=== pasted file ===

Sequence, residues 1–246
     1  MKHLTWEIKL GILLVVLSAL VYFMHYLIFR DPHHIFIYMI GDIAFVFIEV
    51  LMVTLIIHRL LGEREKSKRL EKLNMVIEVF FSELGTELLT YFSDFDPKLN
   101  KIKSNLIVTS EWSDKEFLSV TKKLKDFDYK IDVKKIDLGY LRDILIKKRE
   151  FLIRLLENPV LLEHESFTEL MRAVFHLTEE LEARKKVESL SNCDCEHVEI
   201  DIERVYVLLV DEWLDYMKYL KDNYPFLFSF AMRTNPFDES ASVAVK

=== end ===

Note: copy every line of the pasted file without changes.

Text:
Sequence, residues 1–246
     1  MKHLTWEIKL GILLVVLSAL VYFMHYLIFR DPHHIFIYMI GDIAFVFIEV
    51  LMVTLIIHRL LGEREKSKRL EKLNMVIEVF FSELGTELLT YFSDFDPKLN
   101  KIKSNLIVTS EWSDKEFLSV TKKLKDFDYK IDVKKIDLGY LRDILIKKRE
   151  FLIRLLENPV LLEHESFTEL MRAVFHLTEE LEARKKVESL SNCDCEHVEI
   201  DIERVYVLLV DEWLDYMKYL KDNYPFLFSF AMRTNPFDES ASVAVK